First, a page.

Experience Design at Coldplay

  1. Unobtrusively engaging: One would think that a band changing colors on your wrist would constantly or at least frequently have your attention and be a distraction. On the contrary, I barely looked at the band a couple of times during the 2 hour long performance and was yet constantly aware of its state. It is indeed a beautiful sight, seeing your band light up on the wrist of thousands of others and looking upon the crowd only to see yourself.
  2. Feeling connected: Seeing an ocean of synced lights all around you is a very non-conspicuous yet brilliant way of not only acknowledging the masses around you but also invoking a feeling of one-ness with the crowd while doing so. Additionally, audience encounters a unique feeling of having contributed to the beauty of it.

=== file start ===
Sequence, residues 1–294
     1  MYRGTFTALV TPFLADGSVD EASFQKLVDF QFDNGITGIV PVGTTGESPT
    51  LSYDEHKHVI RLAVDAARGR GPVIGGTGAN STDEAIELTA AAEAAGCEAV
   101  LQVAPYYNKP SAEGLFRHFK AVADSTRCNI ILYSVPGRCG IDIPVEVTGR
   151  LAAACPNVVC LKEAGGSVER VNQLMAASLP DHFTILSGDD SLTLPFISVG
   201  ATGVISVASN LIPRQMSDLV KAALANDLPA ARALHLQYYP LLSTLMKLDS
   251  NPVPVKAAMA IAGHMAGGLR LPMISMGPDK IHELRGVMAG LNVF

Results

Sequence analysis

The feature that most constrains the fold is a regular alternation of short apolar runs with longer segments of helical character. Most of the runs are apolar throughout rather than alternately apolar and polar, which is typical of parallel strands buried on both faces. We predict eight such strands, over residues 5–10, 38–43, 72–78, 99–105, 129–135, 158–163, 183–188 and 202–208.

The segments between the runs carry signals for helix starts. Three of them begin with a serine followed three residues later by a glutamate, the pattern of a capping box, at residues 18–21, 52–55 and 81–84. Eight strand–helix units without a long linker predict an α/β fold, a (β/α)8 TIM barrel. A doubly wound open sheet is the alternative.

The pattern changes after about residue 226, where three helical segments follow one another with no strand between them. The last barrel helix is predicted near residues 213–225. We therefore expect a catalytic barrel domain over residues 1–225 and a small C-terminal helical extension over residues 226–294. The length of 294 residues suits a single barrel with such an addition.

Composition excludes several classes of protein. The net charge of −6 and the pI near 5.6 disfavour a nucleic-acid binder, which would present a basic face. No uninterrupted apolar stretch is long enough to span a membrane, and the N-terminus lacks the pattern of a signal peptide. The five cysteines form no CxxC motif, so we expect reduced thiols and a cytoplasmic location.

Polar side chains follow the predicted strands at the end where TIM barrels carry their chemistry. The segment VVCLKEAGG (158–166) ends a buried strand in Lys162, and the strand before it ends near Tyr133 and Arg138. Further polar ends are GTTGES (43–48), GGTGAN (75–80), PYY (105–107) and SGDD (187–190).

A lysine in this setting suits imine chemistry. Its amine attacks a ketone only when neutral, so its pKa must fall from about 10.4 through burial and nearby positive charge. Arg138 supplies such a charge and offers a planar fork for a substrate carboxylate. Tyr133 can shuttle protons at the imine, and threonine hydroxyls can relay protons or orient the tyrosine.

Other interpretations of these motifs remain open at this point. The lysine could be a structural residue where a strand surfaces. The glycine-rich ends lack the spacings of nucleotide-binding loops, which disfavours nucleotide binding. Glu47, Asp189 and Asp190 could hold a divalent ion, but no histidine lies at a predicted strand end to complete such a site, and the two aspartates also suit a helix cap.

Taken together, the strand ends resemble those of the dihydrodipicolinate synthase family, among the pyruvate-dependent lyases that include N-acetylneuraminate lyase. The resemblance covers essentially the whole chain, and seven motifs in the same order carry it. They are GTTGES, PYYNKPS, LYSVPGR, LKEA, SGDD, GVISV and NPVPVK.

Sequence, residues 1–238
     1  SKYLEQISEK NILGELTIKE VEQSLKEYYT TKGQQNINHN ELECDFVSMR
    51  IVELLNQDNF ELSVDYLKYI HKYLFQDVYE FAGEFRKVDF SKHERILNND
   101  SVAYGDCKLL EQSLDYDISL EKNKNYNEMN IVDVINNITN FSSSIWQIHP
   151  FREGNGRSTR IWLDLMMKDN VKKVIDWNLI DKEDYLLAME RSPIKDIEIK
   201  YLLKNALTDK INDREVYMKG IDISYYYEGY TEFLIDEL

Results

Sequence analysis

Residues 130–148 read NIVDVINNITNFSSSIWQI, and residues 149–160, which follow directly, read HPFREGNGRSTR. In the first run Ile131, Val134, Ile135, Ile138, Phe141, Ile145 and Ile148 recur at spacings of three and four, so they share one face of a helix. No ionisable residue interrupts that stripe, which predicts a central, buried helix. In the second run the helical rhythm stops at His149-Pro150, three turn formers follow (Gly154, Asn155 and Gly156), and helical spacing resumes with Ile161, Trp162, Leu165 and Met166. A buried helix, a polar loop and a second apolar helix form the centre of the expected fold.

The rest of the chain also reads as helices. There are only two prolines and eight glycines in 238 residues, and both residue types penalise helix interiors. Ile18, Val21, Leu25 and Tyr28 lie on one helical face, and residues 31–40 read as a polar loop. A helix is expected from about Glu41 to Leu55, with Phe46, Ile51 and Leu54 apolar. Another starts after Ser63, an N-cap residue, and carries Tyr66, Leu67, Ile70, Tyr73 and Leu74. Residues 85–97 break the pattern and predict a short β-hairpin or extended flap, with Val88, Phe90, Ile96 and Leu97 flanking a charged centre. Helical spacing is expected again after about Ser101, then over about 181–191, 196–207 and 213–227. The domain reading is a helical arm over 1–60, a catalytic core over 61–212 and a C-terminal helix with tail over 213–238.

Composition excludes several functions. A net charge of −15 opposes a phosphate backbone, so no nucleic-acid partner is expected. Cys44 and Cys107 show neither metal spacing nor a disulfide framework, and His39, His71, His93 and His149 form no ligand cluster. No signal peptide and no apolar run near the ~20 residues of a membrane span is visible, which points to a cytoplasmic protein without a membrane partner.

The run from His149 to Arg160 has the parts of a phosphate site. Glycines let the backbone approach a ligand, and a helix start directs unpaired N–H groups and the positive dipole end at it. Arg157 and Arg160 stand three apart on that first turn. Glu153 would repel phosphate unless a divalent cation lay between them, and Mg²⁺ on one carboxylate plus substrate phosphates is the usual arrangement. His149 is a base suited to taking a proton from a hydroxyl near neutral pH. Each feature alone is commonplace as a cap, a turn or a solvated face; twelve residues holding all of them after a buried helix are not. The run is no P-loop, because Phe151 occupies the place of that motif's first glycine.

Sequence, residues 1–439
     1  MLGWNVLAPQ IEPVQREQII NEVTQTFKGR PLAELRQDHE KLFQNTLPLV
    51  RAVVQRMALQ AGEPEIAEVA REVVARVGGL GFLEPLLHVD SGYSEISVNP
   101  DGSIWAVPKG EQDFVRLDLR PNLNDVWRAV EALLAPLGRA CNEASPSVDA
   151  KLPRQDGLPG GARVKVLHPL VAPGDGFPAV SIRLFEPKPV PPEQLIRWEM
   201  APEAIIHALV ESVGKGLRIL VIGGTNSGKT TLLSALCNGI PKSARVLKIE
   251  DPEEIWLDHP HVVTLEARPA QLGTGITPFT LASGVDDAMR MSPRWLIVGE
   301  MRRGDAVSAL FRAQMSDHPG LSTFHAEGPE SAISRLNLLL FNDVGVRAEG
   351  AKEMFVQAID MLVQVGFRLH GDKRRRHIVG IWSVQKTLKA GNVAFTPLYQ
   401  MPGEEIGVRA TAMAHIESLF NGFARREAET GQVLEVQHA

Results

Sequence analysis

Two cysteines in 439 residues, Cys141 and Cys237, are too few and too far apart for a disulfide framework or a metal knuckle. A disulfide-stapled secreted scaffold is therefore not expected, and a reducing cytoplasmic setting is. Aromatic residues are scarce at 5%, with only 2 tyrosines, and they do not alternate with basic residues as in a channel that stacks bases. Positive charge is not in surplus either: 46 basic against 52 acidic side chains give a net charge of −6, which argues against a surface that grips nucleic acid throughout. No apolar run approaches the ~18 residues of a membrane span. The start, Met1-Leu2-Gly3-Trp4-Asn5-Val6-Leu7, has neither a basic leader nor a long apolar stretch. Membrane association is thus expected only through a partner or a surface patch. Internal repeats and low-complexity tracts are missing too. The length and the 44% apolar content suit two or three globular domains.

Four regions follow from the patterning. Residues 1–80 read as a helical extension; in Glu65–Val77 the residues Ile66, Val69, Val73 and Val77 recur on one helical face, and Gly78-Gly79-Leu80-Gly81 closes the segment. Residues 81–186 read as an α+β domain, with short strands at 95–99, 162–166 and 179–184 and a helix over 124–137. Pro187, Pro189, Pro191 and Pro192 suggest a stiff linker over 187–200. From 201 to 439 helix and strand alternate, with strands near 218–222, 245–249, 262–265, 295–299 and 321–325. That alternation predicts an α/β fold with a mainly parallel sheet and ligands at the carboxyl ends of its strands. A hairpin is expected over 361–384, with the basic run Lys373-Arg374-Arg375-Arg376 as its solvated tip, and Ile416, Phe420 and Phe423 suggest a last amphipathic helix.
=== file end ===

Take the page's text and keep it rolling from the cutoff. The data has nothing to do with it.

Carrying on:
3. Focus: The bands glowed in a multitude of manners. Sometimes the colors gradually changed from yellow to magenta and other times it just flashed myriad colors randomly. A slow song like ‘Everglow’ had steady lights and something upbeat like ‘Something just like this’ had the lights flashing. At times the bands stopped glowing, which was the subtlest way of making the audience focus at the only source of light — the stage — where the fireworks went off. Surely, one wouldn’t have missed the fireworks if the bands kept glowing — nonetheless, it is an ever so gentle way of saying, ‘oh, look at the stage, something’s about to happen’.

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Siddhartha Bhagwan

Siddhartha Bhagwan

Masters student of Human Computer Interaction at the University of Maryland, College Park.